I swear, you can hear where a person’s from in the music she listens to. And not just geographically–also a sort of soul geography. (That cheesy enough for you?) Where he got hurt over and over again, or where she found a way to laugh (the laughing one is They Might Be Giants). You can see what records her parents played over and over until the needle skipped or how fast he drove with the sound in his shitty Olds all the way up to try to forget how much she pissed him off. And of course, actual geography as opposed to that metaphor a few words back: it’s totally there, too. Old folded roadmaps, depressing suburbs, dusty two-gas-station towns, the coasts, the big empty middle of the States.
For me, it’s the kudzu-choked Carolinas. Stinking hot and you can still get boiled peanuts from roadside stands there. Lucky bastards.
Today my husband found the mother lode…my old timey CD collection. I worked at a music store for several years, I listened voraciously and spent part of almost every paycheck on used CD’s. I made mix tapes, I begged, borrowed and stole music from friends. Music has always been my inspiration, more than reading or art or booze or whatever people do to find the Muse. It’s crazy. I look at these scratched-up pieces of plastic and I can remember the stuff I wrote. In grad school, or when I was walking the halls of Stratford High. Hell, when I was Mr. Erickson’s class dreaming about being a lady knight like Alanna (thank you, Tamora Pierce).
My tastes were all over the place. There was mostly 80’s synth but also so much metal and rock and Britpop and DooWop and dreamy, floaty pop and classic rock and some blues and jazz and pretty much anything in the western art music catalogue and yes, twang. A generic catch-all I use for slide guitars, finger-picking, arcing lazy vocals, artists who listened to a lot of Johnny and Hank Sr. but also Robert Johnson. Twang is my musical home, geographically. It’s where my childhood dreams still live.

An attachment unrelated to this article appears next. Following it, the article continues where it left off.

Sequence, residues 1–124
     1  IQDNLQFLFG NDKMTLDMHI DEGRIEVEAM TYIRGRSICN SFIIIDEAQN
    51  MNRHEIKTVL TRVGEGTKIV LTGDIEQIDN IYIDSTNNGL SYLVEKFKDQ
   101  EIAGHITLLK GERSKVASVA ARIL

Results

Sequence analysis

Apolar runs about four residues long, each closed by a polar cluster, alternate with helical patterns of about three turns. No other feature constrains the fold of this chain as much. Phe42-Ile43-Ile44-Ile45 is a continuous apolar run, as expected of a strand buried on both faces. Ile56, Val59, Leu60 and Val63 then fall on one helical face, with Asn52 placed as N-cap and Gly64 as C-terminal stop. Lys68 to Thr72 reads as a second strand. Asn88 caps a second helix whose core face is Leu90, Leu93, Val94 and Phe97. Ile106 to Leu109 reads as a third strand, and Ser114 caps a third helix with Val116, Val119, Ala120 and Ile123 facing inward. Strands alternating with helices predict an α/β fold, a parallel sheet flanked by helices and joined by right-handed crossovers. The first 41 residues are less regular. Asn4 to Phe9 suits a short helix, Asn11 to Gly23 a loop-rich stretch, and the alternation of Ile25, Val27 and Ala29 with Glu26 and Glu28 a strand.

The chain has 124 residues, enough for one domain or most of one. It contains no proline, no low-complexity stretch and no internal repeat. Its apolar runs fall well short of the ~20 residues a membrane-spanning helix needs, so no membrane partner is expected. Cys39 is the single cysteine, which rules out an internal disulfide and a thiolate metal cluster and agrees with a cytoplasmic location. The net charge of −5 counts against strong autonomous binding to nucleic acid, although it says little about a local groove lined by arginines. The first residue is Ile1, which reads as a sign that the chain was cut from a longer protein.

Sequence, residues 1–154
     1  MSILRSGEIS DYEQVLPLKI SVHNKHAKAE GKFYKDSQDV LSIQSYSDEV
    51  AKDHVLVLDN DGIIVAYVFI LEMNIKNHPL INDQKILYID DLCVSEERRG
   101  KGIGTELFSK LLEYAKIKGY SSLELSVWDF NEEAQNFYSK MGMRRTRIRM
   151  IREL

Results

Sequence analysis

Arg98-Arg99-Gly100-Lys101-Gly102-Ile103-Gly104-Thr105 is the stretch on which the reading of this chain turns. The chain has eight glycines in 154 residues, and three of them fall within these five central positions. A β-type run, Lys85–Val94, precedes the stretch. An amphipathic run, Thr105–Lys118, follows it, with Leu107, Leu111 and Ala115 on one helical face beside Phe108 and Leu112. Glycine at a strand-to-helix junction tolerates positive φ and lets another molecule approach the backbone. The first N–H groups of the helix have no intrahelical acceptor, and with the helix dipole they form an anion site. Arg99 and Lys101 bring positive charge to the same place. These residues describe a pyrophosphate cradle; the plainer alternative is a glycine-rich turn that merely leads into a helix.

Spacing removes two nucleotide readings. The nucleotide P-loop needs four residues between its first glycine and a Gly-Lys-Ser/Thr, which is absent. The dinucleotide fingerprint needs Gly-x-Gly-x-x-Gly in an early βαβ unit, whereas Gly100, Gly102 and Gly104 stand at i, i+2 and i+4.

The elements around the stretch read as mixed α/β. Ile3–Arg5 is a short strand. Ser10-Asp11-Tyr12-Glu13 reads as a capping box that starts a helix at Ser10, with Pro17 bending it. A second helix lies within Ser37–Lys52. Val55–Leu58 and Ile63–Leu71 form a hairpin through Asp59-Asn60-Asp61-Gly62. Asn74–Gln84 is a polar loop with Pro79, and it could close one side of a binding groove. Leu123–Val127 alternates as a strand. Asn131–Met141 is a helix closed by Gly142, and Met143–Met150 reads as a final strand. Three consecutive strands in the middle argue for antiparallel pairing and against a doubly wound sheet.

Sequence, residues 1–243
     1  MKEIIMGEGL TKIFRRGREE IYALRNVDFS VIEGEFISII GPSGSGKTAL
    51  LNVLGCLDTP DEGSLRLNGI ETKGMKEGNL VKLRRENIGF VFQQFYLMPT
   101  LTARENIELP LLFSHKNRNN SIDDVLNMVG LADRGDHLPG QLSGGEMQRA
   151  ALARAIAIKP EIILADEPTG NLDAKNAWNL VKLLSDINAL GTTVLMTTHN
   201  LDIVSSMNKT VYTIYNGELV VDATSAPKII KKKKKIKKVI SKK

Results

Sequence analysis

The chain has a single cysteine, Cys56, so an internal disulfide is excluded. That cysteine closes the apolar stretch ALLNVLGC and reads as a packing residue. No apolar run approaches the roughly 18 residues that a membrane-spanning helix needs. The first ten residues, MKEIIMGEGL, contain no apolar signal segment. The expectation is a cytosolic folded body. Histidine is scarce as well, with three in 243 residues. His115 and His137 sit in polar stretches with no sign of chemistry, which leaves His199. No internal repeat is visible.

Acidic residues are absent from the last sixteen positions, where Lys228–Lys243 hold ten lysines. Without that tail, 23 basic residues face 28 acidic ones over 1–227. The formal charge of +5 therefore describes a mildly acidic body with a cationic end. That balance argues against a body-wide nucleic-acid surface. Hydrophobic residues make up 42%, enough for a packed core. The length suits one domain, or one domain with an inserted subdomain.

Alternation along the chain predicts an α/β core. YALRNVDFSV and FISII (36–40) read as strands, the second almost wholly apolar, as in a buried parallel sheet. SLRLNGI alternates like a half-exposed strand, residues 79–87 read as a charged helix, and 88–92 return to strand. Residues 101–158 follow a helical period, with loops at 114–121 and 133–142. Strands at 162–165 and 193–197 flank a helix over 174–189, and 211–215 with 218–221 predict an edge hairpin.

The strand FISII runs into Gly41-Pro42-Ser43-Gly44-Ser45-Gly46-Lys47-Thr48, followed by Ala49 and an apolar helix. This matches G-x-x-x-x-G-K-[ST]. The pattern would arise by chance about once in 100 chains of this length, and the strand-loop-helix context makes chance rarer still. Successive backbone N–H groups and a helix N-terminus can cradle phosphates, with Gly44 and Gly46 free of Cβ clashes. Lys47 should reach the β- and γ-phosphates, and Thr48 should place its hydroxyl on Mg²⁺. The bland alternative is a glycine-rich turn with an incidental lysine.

I still think Sun Studios Elvis is the only Elvis needed. His glorious ripoff of Mystery Train proves that.
In addition to the classics, I discovered plenty of ‘newer’ artists that tapped into these southern and western roots. Son Volt, R.E.M., Wilco, even Mazzy Star. And oh good Lord, how I LOVE Grant Lee Buffalo to this day.
My old mixes are crammed with songs that tell stories or create moods that filled my mind with stories of my Own. Like this one from Son Volt. “Nightfall’s made up my mind…”
There were the swimmy, slidey, dreamy ones. Madder Rose’s sweet melancholy vocals as she sings about whiling it all away…Or this one. Still one of my favorite songs of all time.
“All and all the world is small enough for both of us to meet upon the Interstate, waiting on a train…”
And the holy grail of southern indie turned alt touchstone. R.E.M. from the not too far away from my home Athens, Georgia. Songs that rambled like long trains. Songs that were about the part of world I was from. I’ll never not love those early R.E.M. albums. Life’s Rich Pageant is one album that I must consistently listen to all the way through, never skipping a song.
These songs put me back home when I was in the cold midwest winters, struggling to make the days light again. They reminded me of biking to see my friend Angel, R.E.M.’s Green tape blasting on my ugly yellow Walkman. They bring back memories of riding in the truck with my father, bluegrass gospel or country crackling over the radio. Of what I played to deal with how much it hurt when Mom died.
I’ll end this little stream of TLDR non sequitur with probably my favorite R.E.M. song to this day…unfettered, galloping joy that still makes me feel the hope I felt when I was a middle school girl in Goose Creek writing in her journal out in the backyard in the shade, planning for a life of pure, unadulterated awesome.